That suits us. I won’t be the first to say that business travel is overrated, whatever people’s perceptions of the glamour of business class flights and nice hotels. Being on the road can be a soulless and fairly lonely experience, something EWIT has tried to mitigate by buddying up on long trips to far-flung markets.
But interacting with companies face-to-face is and always will be a big part of what we do. Travel is necessary for us to achieve certain things. When you visit a company on its own doorstep, its people behave differently from when they’re out of their comfort zone in ‘roadshow mode’. The level of engagement is different. The top people tend to be more open about the longer-term positioning of the business and usually you can meet others from the level below. You can tour the facilities and engage with employees across the firm. You get a better feel for a business.
Just as important to us are the trade shows or scientific conferences around the world we try to include on our research trips. It’s there you can mingle with people in an industry and pick up useful intelligence. So far, we haven’t come up with answers on how to replicate that in a locked-down world.
The unusual thing about investment is that you tend to stumble across your best ideas. You don’t embark on any exploratory business trip knowing for sure there’s going to be an interesting company at the end of it. You follow a hunch and set off on a path and take interesting tangents along the way. The snippets of knowledge you pick up help you to form that broader picture. We’re all going to have to think hard about how we do that in the world that will emerge from the crisis. I don’t just mean investment firms. Many businesses will rethink how much travelling they need to do to distribute and sell their products or to get their message out there. Much of that will be done digitally.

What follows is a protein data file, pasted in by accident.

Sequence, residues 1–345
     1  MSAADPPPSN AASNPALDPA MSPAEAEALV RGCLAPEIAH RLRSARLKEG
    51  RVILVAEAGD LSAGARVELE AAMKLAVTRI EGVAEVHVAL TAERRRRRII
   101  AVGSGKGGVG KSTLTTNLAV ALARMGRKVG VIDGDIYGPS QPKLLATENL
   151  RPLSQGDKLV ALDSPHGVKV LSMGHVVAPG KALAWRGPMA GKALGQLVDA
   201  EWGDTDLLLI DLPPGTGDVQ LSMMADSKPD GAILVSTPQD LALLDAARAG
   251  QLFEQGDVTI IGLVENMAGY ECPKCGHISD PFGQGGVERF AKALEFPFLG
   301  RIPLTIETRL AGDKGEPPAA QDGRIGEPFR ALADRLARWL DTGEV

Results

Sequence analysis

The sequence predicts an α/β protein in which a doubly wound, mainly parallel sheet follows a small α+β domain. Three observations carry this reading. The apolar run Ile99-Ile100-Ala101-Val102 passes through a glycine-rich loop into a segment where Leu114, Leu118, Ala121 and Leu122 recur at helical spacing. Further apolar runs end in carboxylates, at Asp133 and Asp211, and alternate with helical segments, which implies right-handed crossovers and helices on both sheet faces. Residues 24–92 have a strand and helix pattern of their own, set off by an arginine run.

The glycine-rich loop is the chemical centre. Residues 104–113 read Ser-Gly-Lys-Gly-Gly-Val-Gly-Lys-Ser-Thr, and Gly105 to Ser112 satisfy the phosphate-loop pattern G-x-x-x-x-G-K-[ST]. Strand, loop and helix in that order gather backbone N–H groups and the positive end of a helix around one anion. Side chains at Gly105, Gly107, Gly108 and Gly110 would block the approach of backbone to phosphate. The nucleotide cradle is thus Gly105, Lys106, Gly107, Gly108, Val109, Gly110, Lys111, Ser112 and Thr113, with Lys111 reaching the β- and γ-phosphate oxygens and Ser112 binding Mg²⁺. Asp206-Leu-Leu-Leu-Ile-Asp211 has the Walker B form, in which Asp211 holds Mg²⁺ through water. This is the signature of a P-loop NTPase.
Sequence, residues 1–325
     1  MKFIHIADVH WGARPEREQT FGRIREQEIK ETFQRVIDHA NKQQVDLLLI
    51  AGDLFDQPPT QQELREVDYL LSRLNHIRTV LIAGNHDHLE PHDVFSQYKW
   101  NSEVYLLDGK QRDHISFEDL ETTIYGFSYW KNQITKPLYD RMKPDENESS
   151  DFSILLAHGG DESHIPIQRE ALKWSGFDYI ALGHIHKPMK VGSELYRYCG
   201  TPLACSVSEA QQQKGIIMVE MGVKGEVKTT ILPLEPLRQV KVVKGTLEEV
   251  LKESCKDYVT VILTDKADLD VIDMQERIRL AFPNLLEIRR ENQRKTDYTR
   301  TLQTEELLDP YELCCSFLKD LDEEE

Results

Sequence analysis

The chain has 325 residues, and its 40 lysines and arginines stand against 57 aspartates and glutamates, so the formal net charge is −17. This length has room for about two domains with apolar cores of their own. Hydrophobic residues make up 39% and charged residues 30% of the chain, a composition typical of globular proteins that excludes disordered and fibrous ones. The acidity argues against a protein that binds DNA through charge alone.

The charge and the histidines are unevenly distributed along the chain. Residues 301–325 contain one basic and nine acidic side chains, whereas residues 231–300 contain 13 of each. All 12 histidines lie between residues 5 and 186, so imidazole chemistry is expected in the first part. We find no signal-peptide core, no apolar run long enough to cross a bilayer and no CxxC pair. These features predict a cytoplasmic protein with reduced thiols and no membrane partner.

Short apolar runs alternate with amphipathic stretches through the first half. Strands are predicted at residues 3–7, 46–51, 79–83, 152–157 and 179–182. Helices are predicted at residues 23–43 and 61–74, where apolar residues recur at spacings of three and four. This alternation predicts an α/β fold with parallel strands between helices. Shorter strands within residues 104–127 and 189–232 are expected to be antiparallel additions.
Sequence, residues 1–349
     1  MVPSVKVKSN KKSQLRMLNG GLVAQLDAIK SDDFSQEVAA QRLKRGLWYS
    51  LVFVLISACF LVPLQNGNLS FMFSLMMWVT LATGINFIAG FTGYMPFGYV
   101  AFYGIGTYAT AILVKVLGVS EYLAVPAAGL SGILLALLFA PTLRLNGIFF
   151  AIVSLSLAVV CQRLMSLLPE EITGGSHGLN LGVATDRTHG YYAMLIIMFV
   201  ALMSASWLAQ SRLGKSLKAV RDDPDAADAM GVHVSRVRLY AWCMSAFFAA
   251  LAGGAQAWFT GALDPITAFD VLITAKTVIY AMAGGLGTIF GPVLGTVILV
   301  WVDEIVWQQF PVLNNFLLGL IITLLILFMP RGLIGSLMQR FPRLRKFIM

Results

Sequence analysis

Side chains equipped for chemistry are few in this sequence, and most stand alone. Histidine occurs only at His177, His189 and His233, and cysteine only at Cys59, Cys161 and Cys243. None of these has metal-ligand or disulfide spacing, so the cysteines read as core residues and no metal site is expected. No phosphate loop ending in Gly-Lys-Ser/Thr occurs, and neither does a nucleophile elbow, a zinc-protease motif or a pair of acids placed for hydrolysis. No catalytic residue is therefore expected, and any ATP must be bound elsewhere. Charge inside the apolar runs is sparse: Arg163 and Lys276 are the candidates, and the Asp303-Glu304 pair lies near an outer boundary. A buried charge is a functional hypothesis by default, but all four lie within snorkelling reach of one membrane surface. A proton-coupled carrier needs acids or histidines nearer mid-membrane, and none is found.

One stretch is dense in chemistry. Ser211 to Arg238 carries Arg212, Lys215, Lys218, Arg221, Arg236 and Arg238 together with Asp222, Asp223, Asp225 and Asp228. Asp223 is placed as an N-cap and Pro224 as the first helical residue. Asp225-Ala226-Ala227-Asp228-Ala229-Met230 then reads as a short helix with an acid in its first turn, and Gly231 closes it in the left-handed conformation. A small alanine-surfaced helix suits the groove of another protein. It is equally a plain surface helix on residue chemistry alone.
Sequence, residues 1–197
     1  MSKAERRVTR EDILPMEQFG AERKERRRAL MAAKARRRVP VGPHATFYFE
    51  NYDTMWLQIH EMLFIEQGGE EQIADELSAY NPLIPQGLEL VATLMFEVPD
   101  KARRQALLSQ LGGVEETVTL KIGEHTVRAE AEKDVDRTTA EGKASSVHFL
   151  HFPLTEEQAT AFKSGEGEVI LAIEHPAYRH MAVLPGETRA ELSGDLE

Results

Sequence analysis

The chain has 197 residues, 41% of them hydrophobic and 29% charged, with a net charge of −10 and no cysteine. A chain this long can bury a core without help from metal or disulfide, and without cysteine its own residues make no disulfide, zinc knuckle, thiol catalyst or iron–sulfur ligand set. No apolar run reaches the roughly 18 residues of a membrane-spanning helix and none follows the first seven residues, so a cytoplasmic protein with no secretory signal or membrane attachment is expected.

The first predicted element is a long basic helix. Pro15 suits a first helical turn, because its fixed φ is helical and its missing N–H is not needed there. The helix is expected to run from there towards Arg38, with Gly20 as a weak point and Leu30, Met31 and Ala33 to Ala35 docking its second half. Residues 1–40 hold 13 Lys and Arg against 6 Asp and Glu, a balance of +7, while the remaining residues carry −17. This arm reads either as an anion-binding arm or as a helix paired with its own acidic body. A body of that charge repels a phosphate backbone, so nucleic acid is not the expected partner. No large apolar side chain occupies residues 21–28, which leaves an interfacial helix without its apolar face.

It was a poignant reminder of the irrelevance of the current crisis to companies building the industries of the future
For Baillie Gifford, and for many of our EWIT portfolio companies, the coronavirus has been a test of character: what the company stands for, what its priorities are, what it seeks to achieve and how it treats its stakeholders. It’s important for us to convey helpful and reassuring messages to the companies we invest in that EWIT is a long-term supportive shareholder, and we’ve tried to do that. We don’t underestimate how many investor meetings companies will have had to dial into in the last few months where the focus will have been incredibly short term. We’ve tried to be supportive of firms that have had to face challenges, and have encouraged them to do the right thing by their employees and to act in the long-term interests of their business. The last thing they need is shareholders ‘Zooming’ in to give them a hard time about the intricacies of their business.